Surviving Adam Meade Shannon Klare ($16.99*, Swoon Reads), recommended by Fountain Bookstore, Richmond, VA.

     A Summer 2018 Okra Pick

  • Where the Crawdads Sing by Delia Owens

    Where the Crawdads Sing by Delia OwensA most amazing story, wonderfully and beautifully written about a child abandoned at an early age who learns to survive in the marsh land on the coast of North Carolina. An epic story of her life, of finding love, of betrayal, and of murder. You’ll shed a few tears as you read...some of such sadness, a few of pure joy. I didn’t want this book to end.

    Where the Crawdads Sing by Delia Owens ($26.00*, G.P. Putnam's Sons), recommended by Fiction Addiction, Greenville, SC.

     A Summer 2018 Okra Pick

  • The Line That Held Us by David Joy

    The Line That Held Us by David JoyWith the Southern grit of Daniel Woodrell and the rich Appalachian cadence of Ron Rash, David Joy is the new voice of Southern noir. In The Line That Held Us, Joy drags the reader by the gut on a dark and twisted journey of violence and vengeance in a story that will not be soon forgotten.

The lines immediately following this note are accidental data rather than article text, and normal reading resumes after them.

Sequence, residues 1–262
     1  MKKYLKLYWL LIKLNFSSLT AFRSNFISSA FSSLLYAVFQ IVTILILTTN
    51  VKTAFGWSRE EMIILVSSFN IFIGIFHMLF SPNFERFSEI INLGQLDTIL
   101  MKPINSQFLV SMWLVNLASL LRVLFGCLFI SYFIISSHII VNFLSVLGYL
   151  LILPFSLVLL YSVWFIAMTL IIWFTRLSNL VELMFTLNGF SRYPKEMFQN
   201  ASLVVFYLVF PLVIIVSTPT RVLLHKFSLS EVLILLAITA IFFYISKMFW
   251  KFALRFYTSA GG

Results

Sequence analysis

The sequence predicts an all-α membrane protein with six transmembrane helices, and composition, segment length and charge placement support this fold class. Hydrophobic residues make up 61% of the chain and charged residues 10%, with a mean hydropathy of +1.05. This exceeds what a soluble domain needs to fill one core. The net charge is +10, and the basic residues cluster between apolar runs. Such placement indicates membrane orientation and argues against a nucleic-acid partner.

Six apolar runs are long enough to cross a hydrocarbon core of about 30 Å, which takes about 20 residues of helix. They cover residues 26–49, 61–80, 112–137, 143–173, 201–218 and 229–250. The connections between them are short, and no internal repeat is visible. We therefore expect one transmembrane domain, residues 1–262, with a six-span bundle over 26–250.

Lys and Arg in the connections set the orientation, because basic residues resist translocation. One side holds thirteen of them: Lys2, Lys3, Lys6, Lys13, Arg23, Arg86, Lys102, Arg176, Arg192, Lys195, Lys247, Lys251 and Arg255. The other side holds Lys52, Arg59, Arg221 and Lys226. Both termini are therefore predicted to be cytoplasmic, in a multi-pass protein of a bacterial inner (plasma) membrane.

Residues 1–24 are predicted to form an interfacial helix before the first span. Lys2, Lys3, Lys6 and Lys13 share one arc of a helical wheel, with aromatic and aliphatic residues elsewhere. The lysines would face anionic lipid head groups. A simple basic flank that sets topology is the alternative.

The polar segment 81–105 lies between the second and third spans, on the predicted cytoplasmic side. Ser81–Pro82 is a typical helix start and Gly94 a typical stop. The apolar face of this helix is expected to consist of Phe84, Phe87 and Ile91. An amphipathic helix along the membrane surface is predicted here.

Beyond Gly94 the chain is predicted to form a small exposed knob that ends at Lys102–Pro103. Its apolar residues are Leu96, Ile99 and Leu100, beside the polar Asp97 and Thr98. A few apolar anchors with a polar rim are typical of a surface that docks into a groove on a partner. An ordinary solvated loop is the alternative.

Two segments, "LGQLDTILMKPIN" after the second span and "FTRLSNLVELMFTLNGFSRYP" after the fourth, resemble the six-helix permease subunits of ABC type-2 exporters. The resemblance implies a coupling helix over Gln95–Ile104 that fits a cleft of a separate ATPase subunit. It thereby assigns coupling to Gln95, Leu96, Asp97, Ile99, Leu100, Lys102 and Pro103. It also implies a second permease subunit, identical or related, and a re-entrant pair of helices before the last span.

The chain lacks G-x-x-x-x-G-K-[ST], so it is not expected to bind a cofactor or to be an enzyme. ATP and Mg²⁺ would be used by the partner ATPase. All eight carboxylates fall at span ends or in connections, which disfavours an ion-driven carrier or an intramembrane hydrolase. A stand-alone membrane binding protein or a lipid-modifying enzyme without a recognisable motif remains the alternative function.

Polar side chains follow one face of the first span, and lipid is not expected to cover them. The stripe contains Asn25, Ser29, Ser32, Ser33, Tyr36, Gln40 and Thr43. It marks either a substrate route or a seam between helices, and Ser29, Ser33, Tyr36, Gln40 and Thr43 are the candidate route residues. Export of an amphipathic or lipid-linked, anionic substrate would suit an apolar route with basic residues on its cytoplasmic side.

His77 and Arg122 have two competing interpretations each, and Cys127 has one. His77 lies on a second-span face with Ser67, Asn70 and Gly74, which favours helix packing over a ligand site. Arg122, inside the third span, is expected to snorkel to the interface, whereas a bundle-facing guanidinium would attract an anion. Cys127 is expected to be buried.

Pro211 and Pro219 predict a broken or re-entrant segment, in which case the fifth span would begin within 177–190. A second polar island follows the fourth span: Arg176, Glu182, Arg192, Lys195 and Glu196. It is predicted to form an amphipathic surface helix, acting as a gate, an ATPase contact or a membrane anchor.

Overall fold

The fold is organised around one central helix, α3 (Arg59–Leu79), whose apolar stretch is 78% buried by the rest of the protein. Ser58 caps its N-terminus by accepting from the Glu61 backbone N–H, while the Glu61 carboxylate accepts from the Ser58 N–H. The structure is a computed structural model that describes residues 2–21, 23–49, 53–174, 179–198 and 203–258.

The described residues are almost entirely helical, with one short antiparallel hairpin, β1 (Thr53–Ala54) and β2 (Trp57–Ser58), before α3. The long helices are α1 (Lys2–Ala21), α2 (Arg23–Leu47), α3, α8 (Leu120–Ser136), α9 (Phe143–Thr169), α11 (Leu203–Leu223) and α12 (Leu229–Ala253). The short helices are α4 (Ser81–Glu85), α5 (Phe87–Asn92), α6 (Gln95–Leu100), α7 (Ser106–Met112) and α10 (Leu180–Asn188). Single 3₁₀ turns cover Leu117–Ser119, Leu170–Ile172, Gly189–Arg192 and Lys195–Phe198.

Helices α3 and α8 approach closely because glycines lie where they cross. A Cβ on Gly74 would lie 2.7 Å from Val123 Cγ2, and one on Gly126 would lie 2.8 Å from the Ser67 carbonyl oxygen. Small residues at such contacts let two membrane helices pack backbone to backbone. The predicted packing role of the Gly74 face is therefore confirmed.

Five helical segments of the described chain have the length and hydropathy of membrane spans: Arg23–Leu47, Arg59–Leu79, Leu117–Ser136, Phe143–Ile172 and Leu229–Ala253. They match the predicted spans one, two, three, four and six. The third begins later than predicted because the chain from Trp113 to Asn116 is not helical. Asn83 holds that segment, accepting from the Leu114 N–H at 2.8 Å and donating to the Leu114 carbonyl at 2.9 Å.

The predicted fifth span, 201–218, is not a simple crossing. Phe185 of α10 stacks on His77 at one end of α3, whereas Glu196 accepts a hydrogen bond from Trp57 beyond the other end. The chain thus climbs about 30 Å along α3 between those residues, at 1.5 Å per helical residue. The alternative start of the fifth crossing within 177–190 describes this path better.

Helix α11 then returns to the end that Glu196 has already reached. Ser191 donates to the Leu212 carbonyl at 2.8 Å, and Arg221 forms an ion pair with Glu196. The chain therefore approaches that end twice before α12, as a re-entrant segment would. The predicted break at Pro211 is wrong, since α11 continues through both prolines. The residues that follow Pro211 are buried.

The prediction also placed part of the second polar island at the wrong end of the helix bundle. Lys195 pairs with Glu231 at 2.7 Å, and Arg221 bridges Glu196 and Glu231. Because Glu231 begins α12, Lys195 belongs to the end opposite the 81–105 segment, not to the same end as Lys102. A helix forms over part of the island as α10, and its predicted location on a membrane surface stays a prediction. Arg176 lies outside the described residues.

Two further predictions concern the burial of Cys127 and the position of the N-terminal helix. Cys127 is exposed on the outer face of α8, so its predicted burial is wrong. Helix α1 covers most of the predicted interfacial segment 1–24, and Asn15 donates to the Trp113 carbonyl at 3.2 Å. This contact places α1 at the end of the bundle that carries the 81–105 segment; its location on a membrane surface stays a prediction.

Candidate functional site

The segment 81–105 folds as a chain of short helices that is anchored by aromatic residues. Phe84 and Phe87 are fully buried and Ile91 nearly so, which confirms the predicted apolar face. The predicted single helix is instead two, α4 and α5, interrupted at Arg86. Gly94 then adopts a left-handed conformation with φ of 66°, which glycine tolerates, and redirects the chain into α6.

The Line That Held Us by David Joy ($27.00*, G.P. Putnam's Sons), recommended by Bookmarks, Winston-Salem, NC.

     A Summer 2018 Okra Pick

  • The Masterpiece by Fiona Davis

    The Masterpiece by Fiona DavisLoved this story! Lost myself in two worlds that Davis created.  I became very attached to the characters and hated for the story to end. Along the way Davis teaches us about a lost art school in Grand Central Terminal in New York,and early artists, especially, Clara Darden, a prominent illustrator during the Great Depression.  A fascinating look at history and the struggle to save Grand Central as a national historic monument. And there’s a little mystery which is compelling. Read this in one sitting!

    The Masterpiece by Fiona Davis ($26.00*, Dutton Books), recommended by Page & Palette, Fairhope, AL.

  • The Distance Home by Paula Saunders